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  • Writer's pictureRobin Prospect

Safety First

We contain within ourselves the resources to heal from our physical and emotional suffering. However, this natural flow of healing is blocked when we don’t feel safe. To heal, we need to cultivate safety first. 

As a coach, I frequently witness people struggling to access the benefits of healing due to feeling chronically unsafe.


This will be the first post of a few on cultivating safety in service of healing. I touched on it in my post on emotional armouring, and now I want to go into it in more detail. Here, I explain the basis of 'safety first' and why you should care. In subsequent posts, I will write about how to cultivate safety.


Our innate healing resources 

The body's healing resources are controlled by the parasympathetic branch of our nervous system. This is largely contained within the ventral vagus nerve, which runs from our brain throughout our body. The activation of the parasympathetic nervous system impacts our health on several levels:

  • Physiologically, when this branch is active, the healing functions of cells are switched on. Our body starts to repair itself. The parasympathetic is sometimes known as the 'rest and digest' system, but this misleadingly suggests that it is only available to us when we are actively resting. On the contrary, this can and should be our normal or home base.

  • Relationally, when we’re in the parasympathetic branch, we feel calm and connected, to ourselves and others. In this state, we can 're-parent' ourselves and form healthy relationships, mending old emotional wounds.

  • Energetically, the parasympathetic system allows us to deeply relax, releasing areas of chronic tension (emotional armouring). Energy is able to circulate freely around our system, to where it is needed. The body is free to move at all levels, e.g. muscles, joints and fascia. Beneficial micro-adjustments naturally happen as we breathe, in this less armoured state.


What happens when I don’t feel safe? 

In short, the healing parasympathetic branch switches off, and our nervous system is instead governed by the sympathetic branch and the dorsal vagus nerve. The sympathetic nervous system gives us the ability to mobilise, fight and flee, or to collapse and ‘play dead’ until the danger goes away. These are important functions in the right situation. However, if we rely on them to get us through the day, we sacrifice recovery and repair.


Why is this so important? 

There are two key ideas I want to get across.

  1. Safety is feeling it is ok to be you, exactly as you are, without needing to change, achieve, or fix anything internally or externally. 

  2. Most of us have normalised a feeling of unsafety, for a number of reasons (cultural, social, biological, personal, ancestral, and so on), such that we don’t even realise we don’t feel safe most of the time.


To see what I mean, if you’re feeling generally ok and not overwhelmed right now, pay closer attention to how you’re doing. (If you are feeling overwhelmed, find something that grounds you, such as feeling your feet on the floor or resting your gaze on a familiar object. Stop reading for now.)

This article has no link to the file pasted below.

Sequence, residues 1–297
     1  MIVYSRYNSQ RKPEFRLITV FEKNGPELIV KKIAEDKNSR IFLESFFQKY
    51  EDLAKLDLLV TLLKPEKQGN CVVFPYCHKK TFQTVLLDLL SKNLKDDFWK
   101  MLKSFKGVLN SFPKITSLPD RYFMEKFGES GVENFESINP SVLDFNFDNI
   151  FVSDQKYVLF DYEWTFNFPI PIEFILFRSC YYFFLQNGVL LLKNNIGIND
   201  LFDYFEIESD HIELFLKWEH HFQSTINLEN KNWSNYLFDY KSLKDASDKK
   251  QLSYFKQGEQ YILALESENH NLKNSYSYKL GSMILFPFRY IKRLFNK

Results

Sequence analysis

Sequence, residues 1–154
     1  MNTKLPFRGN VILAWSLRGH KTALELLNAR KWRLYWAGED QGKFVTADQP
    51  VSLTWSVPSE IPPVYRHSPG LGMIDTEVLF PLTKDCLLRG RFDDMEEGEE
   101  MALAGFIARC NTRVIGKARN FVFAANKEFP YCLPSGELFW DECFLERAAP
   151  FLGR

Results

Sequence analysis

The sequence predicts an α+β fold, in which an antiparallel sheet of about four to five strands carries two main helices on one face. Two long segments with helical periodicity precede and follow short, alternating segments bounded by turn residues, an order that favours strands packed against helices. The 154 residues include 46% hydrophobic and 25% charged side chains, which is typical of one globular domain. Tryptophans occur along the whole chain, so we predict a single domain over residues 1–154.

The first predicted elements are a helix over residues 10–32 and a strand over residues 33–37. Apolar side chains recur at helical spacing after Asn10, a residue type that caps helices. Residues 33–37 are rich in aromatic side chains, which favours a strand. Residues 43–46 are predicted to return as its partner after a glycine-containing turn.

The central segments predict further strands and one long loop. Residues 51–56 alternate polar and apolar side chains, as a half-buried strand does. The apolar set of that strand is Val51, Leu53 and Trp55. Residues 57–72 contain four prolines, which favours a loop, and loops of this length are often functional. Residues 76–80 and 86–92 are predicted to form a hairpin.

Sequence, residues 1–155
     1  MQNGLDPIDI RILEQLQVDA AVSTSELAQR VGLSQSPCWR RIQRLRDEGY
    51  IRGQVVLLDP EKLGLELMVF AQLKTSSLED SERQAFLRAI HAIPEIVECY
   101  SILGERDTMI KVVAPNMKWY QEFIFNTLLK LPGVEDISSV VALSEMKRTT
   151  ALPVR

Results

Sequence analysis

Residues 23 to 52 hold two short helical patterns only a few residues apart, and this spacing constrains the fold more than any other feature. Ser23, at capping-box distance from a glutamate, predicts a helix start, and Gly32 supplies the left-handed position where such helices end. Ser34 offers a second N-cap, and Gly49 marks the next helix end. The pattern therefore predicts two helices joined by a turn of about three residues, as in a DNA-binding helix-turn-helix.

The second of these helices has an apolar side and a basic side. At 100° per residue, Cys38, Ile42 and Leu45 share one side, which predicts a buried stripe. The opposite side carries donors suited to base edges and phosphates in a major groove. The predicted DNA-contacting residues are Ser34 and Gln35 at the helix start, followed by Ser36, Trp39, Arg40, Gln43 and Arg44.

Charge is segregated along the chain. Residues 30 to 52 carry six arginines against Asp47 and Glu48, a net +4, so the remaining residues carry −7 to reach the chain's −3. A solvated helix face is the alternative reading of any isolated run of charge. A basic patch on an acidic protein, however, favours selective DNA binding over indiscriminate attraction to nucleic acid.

• How’s your mind? Is it racing with a million things you need to do? Are you feeling distracted or scattered? Are you going over something that happened in the past and wondering what went wrong? Are you planning for the future?

  • How’s your body? Give it a scan and see if you can identify areas of tension or pain.

If you answered yes to any of these prompts, these are indications that a part of you doesn’t feel safe to just be you.


If you want to investigate further, you could try doing a safety audit of your life as it is today. For example, you could consider, on a scale of 1-5, how safe you feel (how ok is it to just be you, exactly as you are?) in your friendships, home, work, leisure time, family and romantic relationships.

Now, see if you can extend some acceptance to everything that you found. Let it be ok for these things to be how they are. Notice that, here and now, you are safe.


Most of us go through our days with a more or less subtle sense of pushing. We feel we need to force ourselves to do things, or else… This is the sympathetic nervous system in action. Occasionally, the pendulum swings the other way and we collapse, finding ways to escape the responsibility we sometimes find crushing.


Recognise this pattern? You’re not alone! To varying degrees, this is almost universal. But please don’t feel hopeless about this. Our physiognomy tends towards balance (homeostasis) regardless of our background or circumstances. Left to its own devices, without our conscious control, healing does occur (e.g. when we sleep, or relax with friends).


We can align ourselves and our choices with this natural momentum towards healing. In so doing, we can reduce our present suffering and, very importantly, we can reduce the risk of having serious health problems in the future. I'll write about how to do this in the following posts. In the meanwhile, you could try two daily check-ins:

  • Morning: What small thing can you do today to cultivate a sense that it's ok to just be you right now?

  • Evening: When did you feel safe to just ‘be’ today?


If you like, let me know what you discover in the comments.


P.S. To find out more about the different branches of the nervous system, I highly recommend reading anything by Deb Dana. The practitioner’s textbook is “The Polyvagal Theory in Therapy: Engaging the Rhythm of Regulation”. She’s also written a book for everyone interested in their own healing: “Anchored: How to Befriend Your Nervous System Using Polyvagal Theory”.

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